November 2, 2010 at 6:36 pm EDT | by Kevin Naff
Election night coverage & races to watch

UPDATE: O’Malley re-elected in Maryland; Barney Frank wins; GOP takes U.S. House

There are many races to watch for LGBT voters tonight and the Blade is working to keep you informed.

Locally, the mayor’s race isn’t much of a race, but veteran reporter Lou Chibbaro Jr. will be at the Diner with David Catania reporting on the developments in D.C. races. Vince Gray is heavily favored to become the next mayor; gay Council members Catania and Jim Graham should win easily.

In Maryland, the governor’s race is Martin O’Malley’s to lose. Don’t look for any GOP upsets in blue Maryland tonight though. Douglas Gansler is running unopposed in the attorney general’s race, which is a good thing as he supports full marriage equality. The real news out of Maryland is that the state legislature could see an increase from four openly gay elected officials to seven, as the incumbents and three new challengers are running in strong Democratic districts and expected to win. They include Mary Washington, who is poised to become only the second out black lesbian state elected official.

In the U.S. House, all 435 seats are up tonight and Republicans need just 39 pick-ups to take control; they could end up with many more than they need. Some prognosticators suggest the GOP could pick up 60-70 seats tonight, vaulting Rep. John Boehner into the speaker’s chair. Boehner earned a zero in the Human Rights Campaign’s recent LGBT congressional scorecard.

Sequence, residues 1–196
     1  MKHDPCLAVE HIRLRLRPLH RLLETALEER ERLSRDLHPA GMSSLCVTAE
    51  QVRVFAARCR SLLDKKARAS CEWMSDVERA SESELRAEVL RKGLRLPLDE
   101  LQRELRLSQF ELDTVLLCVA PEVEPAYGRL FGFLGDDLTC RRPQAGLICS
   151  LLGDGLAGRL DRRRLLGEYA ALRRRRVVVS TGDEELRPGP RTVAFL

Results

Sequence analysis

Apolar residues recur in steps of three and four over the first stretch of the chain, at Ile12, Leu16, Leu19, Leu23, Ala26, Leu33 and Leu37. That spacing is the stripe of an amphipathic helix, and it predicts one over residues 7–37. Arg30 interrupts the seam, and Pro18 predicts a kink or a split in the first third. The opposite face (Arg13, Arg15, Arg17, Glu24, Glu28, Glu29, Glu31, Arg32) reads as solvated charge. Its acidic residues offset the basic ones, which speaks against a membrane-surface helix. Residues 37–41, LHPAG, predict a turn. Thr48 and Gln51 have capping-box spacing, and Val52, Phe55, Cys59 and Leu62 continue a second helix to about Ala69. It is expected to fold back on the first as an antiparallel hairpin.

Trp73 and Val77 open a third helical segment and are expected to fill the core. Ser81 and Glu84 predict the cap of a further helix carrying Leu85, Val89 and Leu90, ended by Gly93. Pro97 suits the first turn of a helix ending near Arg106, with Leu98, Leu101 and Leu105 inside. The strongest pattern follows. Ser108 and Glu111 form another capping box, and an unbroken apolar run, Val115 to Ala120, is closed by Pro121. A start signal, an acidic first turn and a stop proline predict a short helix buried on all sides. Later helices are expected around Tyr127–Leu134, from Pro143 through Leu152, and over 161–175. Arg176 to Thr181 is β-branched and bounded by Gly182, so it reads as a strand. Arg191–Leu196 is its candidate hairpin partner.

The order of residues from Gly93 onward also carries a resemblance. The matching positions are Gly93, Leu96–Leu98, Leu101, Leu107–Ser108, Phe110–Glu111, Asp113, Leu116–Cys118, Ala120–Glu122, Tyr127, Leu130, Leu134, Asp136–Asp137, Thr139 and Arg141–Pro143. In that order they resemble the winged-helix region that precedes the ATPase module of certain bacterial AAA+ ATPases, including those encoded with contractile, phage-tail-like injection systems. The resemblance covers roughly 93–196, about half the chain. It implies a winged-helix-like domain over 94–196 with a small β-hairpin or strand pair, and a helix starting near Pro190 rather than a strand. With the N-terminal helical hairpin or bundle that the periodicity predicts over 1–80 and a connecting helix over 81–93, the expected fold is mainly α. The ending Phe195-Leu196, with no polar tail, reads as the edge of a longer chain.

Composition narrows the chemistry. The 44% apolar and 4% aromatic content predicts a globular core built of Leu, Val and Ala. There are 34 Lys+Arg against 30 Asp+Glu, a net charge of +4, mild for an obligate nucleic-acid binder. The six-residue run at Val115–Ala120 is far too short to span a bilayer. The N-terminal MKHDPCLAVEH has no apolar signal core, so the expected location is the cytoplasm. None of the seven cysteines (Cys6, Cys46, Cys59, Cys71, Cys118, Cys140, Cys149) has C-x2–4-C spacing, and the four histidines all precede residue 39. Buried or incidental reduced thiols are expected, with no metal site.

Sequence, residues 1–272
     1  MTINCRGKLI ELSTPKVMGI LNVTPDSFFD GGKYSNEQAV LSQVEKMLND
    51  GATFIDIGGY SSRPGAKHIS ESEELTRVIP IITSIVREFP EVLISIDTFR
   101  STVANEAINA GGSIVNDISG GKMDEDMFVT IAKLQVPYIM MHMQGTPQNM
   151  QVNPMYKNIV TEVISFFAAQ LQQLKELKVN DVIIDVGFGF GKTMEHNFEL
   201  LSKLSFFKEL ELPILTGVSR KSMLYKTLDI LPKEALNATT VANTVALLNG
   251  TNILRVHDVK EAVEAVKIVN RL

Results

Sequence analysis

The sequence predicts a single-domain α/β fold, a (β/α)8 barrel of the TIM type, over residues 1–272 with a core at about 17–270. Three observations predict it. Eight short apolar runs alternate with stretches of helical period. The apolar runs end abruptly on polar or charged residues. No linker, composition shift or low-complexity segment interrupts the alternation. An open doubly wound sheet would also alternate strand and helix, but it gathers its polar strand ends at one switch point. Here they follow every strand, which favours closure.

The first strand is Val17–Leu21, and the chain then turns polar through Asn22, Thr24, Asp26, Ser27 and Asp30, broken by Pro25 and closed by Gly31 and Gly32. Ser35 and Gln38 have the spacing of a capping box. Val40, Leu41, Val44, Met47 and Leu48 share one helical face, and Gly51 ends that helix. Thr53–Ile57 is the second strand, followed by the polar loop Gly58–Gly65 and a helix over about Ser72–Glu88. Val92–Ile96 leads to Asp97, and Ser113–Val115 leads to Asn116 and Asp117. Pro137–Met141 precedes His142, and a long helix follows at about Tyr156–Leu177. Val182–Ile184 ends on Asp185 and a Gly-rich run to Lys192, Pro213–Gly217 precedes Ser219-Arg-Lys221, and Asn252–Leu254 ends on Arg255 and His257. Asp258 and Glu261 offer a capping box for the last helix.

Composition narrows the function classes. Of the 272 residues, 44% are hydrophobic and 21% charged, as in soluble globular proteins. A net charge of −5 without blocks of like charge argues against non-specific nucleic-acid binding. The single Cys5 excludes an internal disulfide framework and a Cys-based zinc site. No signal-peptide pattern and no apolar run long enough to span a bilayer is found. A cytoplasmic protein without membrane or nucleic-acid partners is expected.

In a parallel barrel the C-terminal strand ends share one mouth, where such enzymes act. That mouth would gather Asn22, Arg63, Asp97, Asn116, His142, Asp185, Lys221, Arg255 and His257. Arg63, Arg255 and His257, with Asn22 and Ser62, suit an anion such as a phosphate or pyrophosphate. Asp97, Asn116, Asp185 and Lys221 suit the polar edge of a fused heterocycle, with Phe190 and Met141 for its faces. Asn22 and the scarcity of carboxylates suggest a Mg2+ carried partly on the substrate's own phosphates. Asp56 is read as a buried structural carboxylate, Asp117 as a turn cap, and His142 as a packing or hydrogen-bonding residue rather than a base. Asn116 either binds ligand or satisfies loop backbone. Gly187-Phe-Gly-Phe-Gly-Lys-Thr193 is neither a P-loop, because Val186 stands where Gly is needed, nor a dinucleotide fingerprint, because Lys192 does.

Openly gay and lesbian House members are favored to retain their seats, including Rep. Barney Frank (D-Mass.), who will be losing his powerful committee chair post at Financial Services.

As far as openly gay challengers for the House, the best shot at a gay addition comes from Rhode Island, where Providence Mayor David Cicilline has run a strong, well-funded campaign. Steve Pougnet has staged a serious challenge to incumbent GOP Rep. Mary Bono-Mack in Palm Springs, but she’s still favored to retain her seat.

But the race to watch for LGBT rights supporters comes in Pennsylvania, where Rep. Patrick Murphy is fighting to retain his seat. Murphy, a straight Iraq war veteran, spearheaded efforts to repeal “Don’t Ask, Don’t Tell” in the House and later appeared on the cover of the Advocate for his unwavering support of gay rights. Groups of supporters from D.C. have been traveling to Murphy’s district to help. He’s been a true ally and the movement would suffer a stinging defeat if Murphy goes down tonight.

The Senate is where things get interesting. The GOP needs 10 seats to take control, which looks unlikely. But several LGBT allies are facing tough fights tonight, most notably majority leader Harry Reid (D-Nev.), who is trailing in the polls to Tea Party candidate Sharron Angle. Angle has said “Don’t Ask, Don’t Tell” shouldn’t be repealed until the Pentagon has a chance to finish its review of the policy. Angle also once said that she’d refuse campaign contributions from businesses that have pro-gay employment policies.

In Wisconsin, the LGBT movement is likely to lose a key ally in Sen. Russ Feingold, who was among just 14 senators that voted against the Defense of Marriage Act in 1996. He trails Republican challenger Ron Johnson in polls, who is open to repealing the military’s gay ban.

In Colorado, the race between incumbent Democrat Michael Bennet and Tea Party challenger Ken Buck is ugly and among the closest in the country. Buck’s anti-gay views have drawn national media attention; he even compared homosexuality to alcoholism in a recent interview.

Another dead heat race is playing out in Pennsylvania between Rep. Joe Sestak (D) and Pat Toomey (R). Toomey has supported bans on same-sex marriage and adoption by gay couples. Sestak backs repeal of “Don’t Ask” and supports ENDA.

Blade political reporter Chris Johnson is monitoring the races with LGBT interest and will be posting updates here throughout the night.

Kevin Naff is the editor and a co-owner of the Washington Blade, the nation’s oldest and most acclaimed LGBT news publication, founded in 1969.

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